Scout O'Malley, Top Dog in Annapolis

Scout, the O'Malley family's Airedale terrier.
Scout, the O'Malley family's Airedale terrier. (O'Malley's Press Office)

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By Amy Argetsinger and Roxanne Roberts
Sunday, April 29, 2007

A highly visible member of Maryland Gov. Martin O'Malley's administration is facing allegations that he acts aggressively toward others, interrupts meetings and often attempts to assert authority far beyond his actual powers: Scout, the O'Malley family's Airedale terrier.

In just three months in office, Scout has become one of the most prominent and fearsome figures in Annapolis. A fixture in the tulip-filled yard of the governor's mansion, he routinely chases tourists and legislators from inside his wrought-iron fence, assaulting them with a barrage of loud and angry barks.

"Some people are shocked," said an aide to a top lawmaker. This aide, speaking on condition of anonymity because she wants to maintain good relations with Scout, confirmed that the barking is loud enough to hear across the street inside the State House, though "it's not distracting to the point that the state's business doesn't get done."

On a recent afternoon, our colleague John Wagner watched as Scout trotted the lawn, tail curled up, seemingly happy -- until a woman with a baby stroller ventured close. Scout made a beeline to the fence and stood his front paws on a lower rung to confront them. " Rrrooff-rrrooff-rrrooff-rrrooff!" he said. It was the same when a man with his own leashed dog walked past.

The family adopted Scout as a puppy last summer from the SPCA, a gift for young son William, and the pooch kept a low profile during O'Malley's final months as Baltimore mayor. But the move to statewide office -- and a much bigger yard -- may have fed Scout's ego. His public profile quickly eclipsed that of Lady, a laconic, older golden retriever mostly seen lying around the mansion's back steps. The O'Malley's newest dog, miniature poodle Winston, isn't allowed in the yard much since he's small enough to slip through the fence.

Rick Abbruzzese, a spokesman for O'Malley, maintained that Scout "has adjusted well to his new home" and is simply eager to communicate with lawmakers and the public: "He's very excited about all the progress we've been able to make in Annapolis this session."

Fred Mason, head of the Maryland AFL-CIO, which supported O'Malley's candidacy and keeps offices on State Circle across from the mansion, noted that Scout sometimes greets him in a friendly fashion, following him from the other side of the fence. "Other times he'll get aggressive. And I'm thinking, 'But I'm the same guy that was here yesterday.' "

Mason, however, welcomes the gruff new presence near the State House. "We certainly feel a lot more secure," he said.

Give the Queen a Hand, but When It Comes to Bowing . . .

Can't wait to see Queen Elizabeth II next week! The Virginia governor's office has a new Web site about the queen's visit full of useful tips for royal gawking and protocol.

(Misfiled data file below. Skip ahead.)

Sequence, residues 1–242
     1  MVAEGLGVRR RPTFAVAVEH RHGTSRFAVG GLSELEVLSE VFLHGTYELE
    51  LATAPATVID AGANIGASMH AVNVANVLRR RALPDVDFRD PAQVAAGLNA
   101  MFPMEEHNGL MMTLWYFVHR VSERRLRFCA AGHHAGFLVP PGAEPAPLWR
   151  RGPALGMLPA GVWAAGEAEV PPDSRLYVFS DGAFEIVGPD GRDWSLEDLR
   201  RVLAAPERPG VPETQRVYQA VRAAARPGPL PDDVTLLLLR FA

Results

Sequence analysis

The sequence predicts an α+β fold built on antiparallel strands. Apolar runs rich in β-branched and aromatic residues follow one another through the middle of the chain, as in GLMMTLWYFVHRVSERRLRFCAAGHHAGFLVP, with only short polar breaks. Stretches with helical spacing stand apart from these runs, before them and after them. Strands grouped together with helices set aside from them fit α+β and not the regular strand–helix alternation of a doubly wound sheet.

Wait, what's this? "Bowing is not required of U.S. citizens; shaking hands is acceptable. In Great Britain and the Commonwealth states, men bow and women curtsy."

Since Virginia is one of the four U.S. states officially designated as "commonwealths" (also Kentucky, Massachusetts and Pennsylvania), is there some obscure, historic obligation for residents of the former English colony to bend a knee? Didn't we win the revolution?

Royal watchers will recall that then-chief of protocol Leonore Annenberg (wife of the former ambassador to Great Britain) set off a flap in 1981 when she publicly curtsied to Prince Charles upon his arrival in Washington: U.S. officials aren't supposed to bow to a foreign power -- especially on American soil. Nancy Reagan set off a flap in England when she flew to London and refused to curtsy for the queen. Confusing, huh?

A call to the governor's office cleared up the mystery: The protocol information was provided by the queen's people, who didn't make the distinction between all those British commonwealths and the four U.S. states. The short answer: Virginians don't have to curtsy, bow or kiss her ring -- wait, isn't that the pope?

Readers Tell Us

No one seems to agree on who was right and who was rude in the epic clash between Karl Rove and Hollywood enviro-activists Sheryl Crow (left) and Laurie David at last week's White House Correspondents' Association dinner.

Judith writes: I'm a member of Earth First. Had someone accosted me at the dinner, my own reaction would have been like Karl Rove's.

Auburn, Calif.: That Laurie David would feel so empowered to even bring something like this up on a social occasion, uninvited, tells me about her highly inflated, self-important self-image.

Rockville writes: Do you believe for one second that Rove wasn't the one who might be touchy or feel threatened by the subject of global warming and might thus react in such a dismissive and disproportionate manner? Why would these two ladies, both used to charming donors and persuading people to follow their cause, instigate a fight at a social event far from their usual turf?

Logan Circle writes: Are you surprised that there are not more dust-ups at the White House Correspondents' Dinner?

Surprised -- and disappointed. Keeping our fingers crossed for next year, though. Send your story tips and comments to reliablesource@washpost.com.


© 2007 The Washington Post Company

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